High-mindedness, a jealousy for good,
A loving-kindness for the great man's fame,
Dwells here and there with people of no name,
In noisome alley, and in pathless wood:
And where we think the truth least understood,
Oft may be found a 'singleness of aim,'
That ought to frighten into hooded shame
A money-mongering, pitiable brood.
How glorious this affection for the cause
Of steadfast genius, toiling gallantly!
What when a stout unbending champion awes
Envy and malice to their native sty?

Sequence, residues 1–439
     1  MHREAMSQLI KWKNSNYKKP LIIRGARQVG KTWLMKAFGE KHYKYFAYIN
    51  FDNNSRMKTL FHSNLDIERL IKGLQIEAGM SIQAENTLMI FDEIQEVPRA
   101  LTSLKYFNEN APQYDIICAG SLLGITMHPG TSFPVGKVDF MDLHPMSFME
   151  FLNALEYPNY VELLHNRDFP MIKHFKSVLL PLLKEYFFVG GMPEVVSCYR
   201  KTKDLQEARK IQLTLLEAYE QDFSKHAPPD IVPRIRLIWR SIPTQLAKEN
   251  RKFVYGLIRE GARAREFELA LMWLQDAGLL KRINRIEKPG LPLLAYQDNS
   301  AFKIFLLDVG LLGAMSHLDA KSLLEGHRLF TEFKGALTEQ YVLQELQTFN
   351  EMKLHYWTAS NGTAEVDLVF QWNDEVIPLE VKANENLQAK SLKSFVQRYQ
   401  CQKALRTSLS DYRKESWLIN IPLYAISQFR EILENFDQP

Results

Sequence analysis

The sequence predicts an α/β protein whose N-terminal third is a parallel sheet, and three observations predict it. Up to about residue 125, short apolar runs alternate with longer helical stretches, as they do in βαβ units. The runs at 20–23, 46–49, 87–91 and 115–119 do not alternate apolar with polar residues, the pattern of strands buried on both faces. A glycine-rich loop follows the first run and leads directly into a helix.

Unnumbered souls breathe out a still applause,
Proud to behold him in his country's eye.
More verses by John Keats
- On Hearing The Bag-Pipe And Seeing
- Otho The Great - Act Ii
- The Eve Of Saint Mark. A Fragment
- Sonnet To John Hamilton Reynolds
- Sonnet Ix. Keen, Fitful Gusts Are